Of course I’ll cover all this by saying that I am not a developer (but I used to be, I even wrote a book to prove it). While Amazon may have many weaknesses, maximising turnover from stock is not one of them. So their approach of making the price of an application a constantly shifting variable, much like in their retail store, makes sense to me. They want to maximise profit, so they need to constantly find the upper limits of what the audience will pay.
Would I like to see this in the Ovi Store? In the future, yes, but not quite yet, because I think for this variable pricing to work, developers need to implicitly trust the merchant that they are getting the best value. Nokia, with all the best intentions, are not at that point yet.
I’d also argue that Amazon isn’t quite there either (and the online reaction to this is a good illustration of this), but by starting off as they mean to go on, the chances are they will have (a) a smaller store and (b) a bit less crud, simply down to the barrier of entry that they have put up alongside their approvals process.
But if this does deliver (and I’d give it a better than evens chance of Amazon managing this) then one of the major problems for smaller developers is going to go away – how much to charge for an application. I remember as Gravity launched, the perceived high price (of around £8) was a bigger debating point than you would expect. The arguments swung between “the developer needs to be paid” to “well, most people think apps should be 59p”).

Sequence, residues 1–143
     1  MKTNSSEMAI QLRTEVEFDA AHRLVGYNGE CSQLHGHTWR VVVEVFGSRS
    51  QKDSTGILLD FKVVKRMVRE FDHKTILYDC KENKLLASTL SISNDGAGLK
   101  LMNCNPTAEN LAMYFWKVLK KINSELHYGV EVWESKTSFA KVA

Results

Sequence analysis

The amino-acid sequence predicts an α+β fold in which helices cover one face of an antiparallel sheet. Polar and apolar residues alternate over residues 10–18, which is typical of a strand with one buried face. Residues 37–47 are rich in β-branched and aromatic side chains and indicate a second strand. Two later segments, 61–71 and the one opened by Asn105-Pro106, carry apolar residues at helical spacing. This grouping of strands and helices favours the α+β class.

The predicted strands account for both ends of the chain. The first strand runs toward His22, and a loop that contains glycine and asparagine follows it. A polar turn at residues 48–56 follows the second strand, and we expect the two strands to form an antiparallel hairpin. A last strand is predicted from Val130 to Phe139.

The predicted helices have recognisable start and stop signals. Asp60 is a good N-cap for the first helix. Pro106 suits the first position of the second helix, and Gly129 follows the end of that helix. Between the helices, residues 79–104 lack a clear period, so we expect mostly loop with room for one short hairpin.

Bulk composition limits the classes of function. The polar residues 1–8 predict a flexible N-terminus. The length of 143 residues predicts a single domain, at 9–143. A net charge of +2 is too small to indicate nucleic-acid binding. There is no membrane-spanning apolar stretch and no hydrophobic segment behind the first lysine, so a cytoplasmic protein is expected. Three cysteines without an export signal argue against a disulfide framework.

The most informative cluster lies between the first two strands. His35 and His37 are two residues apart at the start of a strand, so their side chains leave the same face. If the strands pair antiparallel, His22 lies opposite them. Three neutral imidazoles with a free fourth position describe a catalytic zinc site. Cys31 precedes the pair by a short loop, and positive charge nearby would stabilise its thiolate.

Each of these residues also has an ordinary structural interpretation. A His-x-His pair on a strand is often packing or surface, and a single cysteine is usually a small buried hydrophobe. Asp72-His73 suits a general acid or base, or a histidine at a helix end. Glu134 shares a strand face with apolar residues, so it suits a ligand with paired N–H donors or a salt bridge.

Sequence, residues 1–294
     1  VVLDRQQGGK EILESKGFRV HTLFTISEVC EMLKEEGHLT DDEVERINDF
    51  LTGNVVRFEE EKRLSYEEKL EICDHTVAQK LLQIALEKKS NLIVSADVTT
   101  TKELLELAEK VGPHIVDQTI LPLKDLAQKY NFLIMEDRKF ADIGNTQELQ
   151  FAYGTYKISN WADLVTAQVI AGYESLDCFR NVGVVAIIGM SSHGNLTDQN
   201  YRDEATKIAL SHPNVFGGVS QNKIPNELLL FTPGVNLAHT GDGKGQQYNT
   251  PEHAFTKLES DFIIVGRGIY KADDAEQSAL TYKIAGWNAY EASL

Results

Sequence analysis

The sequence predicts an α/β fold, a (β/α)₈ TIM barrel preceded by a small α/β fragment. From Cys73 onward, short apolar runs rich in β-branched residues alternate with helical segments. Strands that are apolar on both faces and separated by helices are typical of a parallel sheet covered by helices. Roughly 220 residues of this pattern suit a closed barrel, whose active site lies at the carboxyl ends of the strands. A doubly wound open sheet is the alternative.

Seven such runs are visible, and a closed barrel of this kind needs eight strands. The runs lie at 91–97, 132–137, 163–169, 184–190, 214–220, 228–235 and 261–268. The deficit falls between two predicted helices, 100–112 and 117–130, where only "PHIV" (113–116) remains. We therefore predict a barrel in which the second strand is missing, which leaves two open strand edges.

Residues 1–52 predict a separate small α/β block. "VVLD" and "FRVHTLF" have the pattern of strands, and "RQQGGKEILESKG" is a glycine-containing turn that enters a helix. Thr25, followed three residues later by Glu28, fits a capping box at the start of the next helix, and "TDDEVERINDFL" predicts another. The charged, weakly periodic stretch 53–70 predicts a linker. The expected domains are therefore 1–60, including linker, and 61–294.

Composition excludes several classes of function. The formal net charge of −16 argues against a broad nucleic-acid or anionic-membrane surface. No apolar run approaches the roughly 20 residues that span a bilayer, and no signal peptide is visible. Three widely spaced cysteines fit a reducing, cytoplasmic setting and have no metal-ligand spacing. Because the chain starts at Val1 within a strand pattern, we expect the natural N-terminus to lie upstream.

With the Amazon solution, Android developers can nominate a starting price, but after that the software methodology that has taken the online store to the top of the pile will get to work on the price to maximise the revenue for all sides. Income for the devs is either the (by now standard) 70% cut, or 20% off the nominated starting price, whichever is greater.
So there is a safety net in here, but handing over the pricing control to a third party is going to cause a lot of knee jerk reactions, before people realise that Amazon want to make money just as much as a developer, and they want to make money over a long period.
The landscape is constantly changing. There was a time when software “stores” were looked down upon as everyone kept everything on their personal websites. Now they are not only the norm, but a default part of any smartphone ecosystem. I hope this experiment does take off, because the pricing of applications is a major issue. How can you spend time developing an application when everyone is in a price race to the bottom?
Technologizer suggests Amazon “should nix this idea... It shouldn’t decide the value of somebody else’s work.” I think that’s the wrong way of looking at it. The developer suggests a price that they think something is worth, and then the market will decide what it is really worth.
This method of pricing could put more money in developers' pockets (although over a longer timescale and likely with more unit sales) and that’s a good thing. If Amazon can crack this on one platform, I’d look forward to seeing their store arrive on Symbian.
-- Ewan Spence Jan 2011.